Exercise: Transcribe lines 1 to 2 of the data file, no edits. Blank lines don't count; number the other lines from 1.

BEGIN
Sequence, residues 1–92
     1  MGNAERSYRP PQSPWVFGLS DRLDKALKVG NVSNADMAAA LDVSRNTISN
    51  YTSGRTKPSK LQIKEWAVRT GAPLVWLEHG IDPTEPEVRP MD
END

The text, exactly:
Sequence, residues 1–92
     1  MGNAERSYRP PQSPWVFGLS DRLDKALKVG NVSNADMAAA LDVSRNTISN